Uganda prisons are exceptionally hard places, referred to as hotbeds for HIV, TB and other diseases according to a Human Rights Watch report (2011), where rates of HIV and tuberculosis infections are double those of the entire country. Prisoners are largely left out of treatment or prevention strategies, making palliative care even more necessary. Some of them, who are possibly infected with drug-resistant tuberculosis, live in confined spaces with other prisoners, further spreading the infection.
Overcrowding increases the spread of opportunistic infections as stress, malnutrition, and hard work weaken the immune system, making HIV-positive individuals more susceptible to getting ill. Prisoner wellbeing is often neglected and overlooked. HIV prevention programmes are rarely made available to inmates, and many prisoners with HIV are unable to access life-saving antiretroviral treatment.
Prisons have very limited funds for treatment. For example, less than 0.1% of U.S. funding to fight HIV in Uganda goes to programmes for prisoners. Furthermore, the UK Department for International Development (DFID) does not contribute to the prison health services. Nor has The Global Fund to Fight AIDS, Tuberculosis and Malaria been a significant contributor.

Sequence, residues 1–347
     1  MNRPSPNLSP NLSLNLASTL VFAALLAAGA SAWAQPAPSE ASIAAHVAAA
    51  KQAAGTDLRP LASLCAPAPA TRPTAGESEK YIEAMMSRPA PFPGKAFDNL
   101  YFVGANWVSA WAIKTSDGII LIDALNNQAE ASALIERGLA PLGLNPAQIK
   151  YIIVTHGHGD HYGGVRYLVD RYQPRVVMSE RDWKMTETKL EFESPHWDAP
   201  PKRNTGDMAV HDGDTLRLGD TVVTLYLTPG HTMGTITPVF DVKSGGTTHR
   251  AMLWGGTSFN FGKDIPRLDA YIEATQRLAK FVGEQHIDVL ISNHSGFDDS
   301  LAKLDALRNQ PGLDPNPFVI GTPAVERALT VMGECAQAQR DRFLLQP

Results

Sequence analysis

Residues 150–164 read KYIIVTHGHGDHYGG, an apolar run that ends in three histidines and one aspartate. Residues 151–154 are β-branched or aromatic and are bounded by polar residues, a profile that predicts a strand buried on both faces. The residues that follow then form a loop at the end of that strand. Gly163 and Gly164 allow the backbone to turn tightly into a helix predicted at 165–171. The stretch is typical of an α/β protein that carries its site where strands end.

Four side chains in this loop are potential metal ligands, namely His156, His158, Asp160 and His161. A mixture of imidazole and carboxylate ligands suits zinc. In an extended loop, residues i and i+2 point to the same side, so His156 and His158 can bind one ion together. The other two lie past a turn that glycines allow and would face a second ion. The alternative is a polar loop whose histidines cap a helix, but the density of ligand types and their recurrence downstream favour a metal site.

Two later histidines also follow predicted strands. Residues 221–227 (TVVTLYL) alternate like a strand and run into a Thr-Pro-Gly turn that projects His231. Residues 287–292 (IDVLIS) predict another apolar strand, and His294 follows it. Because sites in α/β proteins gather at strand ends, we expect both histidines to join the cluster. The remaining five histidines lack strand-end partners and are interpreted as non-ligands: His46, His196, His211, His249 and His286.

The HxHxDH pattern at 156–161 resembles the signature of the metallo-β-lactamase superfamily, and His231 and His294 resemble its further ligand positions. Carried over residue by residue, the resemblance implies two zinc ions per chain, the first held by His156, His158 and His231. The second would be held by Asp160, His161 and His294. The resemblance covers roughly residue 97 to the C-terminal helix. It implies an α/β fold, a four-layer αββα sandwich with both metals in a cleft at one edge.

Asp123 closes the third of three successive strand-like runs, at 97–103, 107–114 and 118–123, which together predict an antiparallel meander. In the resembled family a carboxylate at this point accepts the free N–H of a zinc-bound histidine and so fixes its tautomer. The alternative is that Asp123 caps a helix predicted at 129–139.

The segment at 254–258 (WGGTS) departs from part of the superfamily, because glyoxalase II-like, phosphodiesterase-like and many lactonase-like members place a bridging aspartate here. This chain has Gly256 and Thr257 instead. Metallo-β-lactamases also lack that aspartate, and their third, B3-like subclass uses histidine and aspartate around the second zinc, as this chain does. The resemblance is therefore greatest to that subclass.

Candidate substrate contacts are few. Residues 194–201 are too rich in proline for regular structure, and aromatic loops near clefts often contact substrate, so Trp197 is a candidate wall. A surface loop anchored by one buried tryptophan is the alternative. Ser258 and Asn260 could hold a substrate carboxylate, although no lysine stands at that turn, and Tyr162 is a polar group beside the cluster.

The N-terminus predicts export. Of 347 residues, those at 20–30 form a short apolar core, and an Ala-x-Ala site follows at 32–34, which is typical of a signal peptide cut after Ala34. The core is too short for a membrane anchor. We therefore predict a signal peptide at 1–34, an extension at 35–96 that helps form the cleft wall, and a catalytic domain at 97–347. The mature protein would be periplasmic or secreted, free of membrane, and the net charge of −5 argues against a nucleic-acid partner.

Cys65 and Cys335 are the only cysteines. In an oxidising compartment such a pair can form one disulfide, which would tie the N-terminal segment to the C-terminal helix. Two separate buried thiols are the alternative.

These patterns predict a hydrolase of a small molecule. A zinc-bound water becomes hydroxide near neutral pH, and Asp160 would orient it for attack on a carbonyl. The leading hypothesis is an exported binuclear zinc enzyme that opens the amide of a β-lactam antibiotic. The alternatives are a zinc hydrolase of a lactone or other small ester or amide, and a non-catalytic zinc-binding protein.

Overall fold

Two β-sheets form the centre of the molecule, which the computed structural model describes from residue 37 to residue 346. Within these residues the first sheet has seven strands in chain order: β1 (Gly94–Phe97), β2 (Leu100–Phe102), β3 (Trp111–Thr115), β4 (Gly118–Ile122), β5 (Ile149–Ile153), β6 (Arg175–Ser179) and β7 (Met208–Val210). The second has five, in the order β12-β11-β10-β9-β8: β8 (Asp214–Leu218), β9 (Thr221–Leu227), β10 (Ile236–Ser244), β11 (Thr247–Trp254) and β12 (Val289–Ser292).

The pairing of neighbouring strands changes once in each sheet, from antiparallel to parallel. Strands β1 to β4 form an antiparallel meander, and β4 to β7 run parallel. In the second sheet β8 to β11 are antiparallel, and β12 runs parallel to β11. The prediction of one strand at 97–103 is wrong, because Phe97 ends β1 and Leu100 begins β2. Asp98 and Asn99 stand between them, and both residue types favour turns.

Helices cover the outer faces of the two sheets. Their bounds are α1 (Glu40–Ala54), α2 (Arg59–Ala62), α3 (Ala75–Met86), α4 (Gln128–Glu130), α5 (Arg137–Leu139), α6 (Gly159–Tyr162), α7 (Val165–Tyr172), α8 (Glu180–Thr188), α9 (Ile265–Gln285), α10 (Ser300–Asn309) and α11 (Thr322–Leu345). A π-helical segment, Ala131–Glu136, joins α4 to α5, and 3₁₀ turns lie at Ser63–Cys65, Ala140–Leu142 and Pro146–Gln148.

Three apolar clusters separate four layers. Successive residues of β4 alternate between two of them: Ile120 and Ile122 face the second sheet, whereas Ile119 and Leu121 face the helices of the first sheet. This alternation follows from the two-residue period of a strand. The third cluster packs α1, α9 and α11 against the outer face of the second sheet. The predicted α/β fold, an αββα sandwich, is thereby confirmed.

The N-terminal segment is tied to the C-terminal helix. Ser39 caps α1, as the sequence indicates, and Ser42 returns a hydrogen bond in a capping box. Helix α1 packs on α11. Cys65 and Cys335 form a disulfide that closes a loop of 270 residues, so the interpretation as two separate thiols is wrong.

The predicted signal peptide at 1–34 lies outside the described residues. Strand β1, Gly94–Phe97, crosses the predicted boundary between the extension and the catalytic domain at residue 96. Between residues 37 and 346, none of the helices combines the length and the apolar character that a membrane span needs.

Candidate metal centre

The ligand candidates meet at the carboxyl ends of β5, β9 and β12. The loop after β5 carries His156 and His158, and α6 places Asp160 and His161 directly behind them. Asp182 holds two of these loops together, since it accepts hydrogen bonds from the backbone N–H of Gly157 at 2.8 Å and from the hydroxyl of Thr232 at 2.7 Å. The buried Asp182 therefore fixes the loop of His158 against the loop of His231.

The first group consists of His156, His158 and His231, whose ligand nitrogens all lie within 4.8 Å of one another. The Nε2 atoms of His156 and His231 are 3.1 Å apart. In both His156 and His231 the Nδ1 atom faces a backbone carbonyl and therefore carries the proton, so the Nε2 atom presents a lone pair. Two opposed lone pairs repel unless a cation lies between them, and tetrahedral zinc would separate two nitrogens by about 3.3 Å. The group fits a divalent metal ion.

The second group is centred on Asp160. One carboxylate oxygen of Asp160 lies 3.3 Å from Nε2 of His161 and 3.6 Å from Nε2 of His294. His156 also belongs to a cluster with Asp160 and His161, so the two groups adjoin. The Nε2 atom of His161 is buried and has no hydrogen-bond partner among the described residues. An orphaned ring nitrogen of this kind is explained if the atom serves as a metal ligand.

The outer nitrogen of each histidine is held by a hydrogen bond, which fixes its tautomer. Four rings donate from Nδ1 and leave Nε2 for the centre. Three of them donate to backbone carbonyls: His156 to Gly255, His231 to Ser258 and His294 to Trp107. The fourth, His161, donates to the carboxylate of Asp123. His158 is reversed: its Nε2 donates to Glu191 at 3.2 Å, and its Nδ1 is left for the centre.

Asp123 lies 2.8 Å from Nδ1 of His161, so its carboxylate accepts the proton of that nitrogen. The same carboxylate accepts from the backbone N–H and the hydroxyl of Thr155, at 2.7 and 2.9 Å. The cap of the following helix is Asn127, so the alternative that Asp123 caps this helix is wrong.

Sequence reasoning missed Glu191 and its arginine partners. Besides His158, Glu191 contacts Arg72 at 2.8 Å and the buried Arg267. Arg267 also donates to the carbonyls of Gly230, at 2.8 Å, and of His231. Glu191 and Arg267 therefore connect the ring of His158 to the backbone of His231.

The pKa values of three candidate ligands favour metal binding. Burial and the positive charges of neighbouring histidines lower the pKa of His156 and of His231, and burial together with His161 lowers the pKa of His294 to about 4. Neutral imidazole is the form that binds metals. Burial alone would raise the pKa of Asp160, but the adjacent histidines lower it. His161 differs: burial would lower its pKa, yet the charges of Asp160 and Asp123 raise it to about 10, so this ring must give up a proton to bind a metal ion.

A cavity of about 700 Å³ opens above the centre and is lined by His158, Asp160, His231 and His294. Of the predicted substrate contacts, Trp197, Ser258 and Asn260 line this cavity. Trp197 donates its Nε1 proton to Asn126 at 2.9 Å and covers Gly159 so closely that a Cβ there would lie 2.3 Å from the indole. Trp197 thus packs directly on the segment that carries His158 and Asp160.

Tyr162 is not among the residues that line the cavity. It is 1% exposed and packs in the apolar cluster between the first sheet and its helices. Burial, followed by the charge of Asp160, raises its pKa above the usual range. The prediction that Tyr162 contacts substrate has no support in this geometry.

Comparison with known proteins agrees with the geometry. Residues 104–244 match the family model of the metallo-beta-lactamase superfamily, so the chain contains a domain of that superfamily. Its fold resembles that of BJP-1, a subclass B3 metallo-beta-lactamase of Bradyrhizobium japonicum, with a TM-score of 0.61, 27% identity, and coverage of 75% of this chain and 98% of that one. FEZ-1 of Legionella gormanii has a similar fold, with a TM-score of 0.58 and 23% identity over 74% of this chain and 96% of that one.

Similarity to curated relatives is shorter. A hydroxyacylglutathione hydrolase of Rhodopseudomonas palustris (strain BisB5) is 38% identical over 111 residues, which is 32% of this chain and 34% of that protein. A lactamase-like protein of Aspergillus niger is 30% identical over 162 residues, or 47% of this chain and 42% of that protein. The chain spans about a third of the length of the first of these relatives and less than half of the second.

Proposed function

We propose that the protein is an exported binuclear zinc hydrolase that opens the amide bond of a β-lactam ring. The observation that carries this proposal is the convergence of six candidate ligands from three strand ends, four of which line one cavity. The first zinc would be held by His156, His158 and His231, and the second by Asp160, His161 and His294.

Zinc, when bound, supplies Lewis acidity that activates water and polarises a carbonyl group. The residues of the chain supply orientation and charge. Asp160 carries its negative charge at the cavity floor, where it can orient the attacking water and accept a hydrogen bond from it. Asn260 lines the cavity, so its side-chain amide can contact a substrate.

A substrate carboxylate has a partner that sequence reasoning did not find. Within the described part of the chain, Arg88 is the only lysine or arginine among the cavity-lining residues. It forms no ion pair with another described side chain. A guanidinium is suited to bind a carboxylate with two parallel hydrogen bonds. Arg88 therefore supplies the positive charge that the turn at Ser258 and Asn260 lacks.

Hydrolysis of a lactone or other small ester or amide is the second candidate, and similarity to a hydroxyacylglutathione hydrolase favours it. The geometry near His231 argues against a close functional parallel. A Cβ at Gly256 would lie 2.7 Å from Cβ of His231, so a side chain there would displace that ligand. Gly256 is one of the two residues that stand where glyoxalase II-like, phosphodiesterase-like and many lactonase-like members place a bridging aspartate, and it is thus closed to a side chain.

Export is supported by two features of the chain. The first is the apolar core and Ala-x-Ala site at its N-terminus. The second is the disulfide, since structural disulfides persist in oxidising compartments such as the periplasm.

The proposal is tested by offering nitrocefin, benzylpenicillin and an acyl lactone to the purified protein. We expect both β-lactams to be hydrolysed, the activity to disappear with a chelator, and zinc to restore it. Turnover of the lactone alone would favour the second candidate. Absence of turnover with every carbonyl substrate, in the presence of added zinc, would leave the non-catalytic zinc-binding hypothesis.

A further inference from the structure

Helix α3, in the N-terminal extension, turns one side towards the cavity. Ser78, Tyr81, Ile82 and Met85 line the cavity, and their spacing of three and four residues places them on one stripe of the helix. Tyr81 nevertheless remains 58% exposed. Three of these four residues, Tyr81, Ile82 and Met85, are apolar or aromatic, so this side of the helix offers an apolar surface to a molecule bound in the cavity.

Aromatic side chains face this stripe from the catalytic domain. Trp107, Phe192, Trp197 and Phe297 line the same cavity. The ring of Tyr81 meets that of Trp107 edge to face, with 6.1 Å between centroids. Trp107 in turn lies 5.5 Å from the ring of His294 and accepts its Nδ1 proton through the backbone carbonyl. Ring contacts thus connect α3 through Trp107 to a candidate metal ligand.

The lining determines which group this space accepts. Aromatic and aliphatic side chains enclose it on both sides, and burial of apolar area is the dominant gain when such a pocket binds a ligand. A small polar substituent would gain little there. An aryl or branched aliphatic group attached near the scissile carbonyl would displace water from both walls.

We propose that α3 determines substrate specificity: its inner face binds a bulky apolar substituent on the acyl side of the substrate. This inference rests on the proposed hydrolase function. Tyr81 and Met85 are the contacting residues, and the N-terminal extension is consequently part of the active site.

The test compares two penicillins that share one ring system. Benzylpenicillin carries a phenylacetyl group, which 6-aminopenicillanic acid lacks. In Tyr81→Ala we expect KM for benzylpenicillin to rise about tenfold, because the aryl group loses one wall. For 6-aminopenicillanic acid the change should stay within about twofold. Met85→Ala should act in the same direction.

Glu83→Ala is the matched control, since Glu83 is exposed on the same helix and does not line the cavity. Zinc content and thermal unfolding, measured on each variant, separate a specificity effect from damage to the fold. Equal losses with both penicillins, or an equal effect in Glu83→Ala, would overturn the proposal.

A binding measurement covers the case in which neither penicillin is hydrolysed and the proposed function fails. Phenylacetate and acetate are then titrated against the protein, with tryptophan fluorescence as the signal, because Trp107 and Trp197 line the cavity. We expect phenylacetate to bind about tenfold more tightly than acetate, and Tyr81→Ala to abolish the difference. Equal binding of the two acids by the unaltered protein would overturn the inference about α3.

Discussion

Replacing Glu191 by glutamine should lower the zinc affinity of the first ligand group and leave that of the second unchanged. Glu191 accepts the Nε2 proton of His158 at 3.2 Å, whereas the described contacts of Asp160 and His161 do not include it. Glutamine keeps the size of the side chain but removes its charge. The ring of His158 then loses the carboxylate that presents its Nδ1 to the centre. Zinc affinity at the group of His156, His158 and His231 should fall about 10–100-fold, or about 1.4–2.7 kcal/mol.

But the spread of HIV and TB within and from the prisons poses a serious risk. Every year, 50,000 people pass through Uganda’s prisons. If they can’t get prevention or treatment services in prison, they may be carrying infections with them when they come out.
The Worldwide Hospice Palliative Care Alliance (WHPCA) and the African Palliative Care Association (APCA) are working to support prison authorities to form prison based palliative care teams composed of health workers, prison staff and prisoners. Recruitment, training and support will be given to prisoners, to enable them to act as ‘Compassionate Cellmates’.
Central to this project is the recruitment and training of prisoners who will provide care, psychosocial support and friendship to other prisoners who are living with HIV, to enable them to have a better quality of life, stop the spread of HIV infection and battle stigma, isolation and apathy.
Compassion is a hallmark of palliative care, as important as capacity building, access to health services and medication. It is the caring heart that makes all things possible. It is the caring heart that makes palliative care a reality.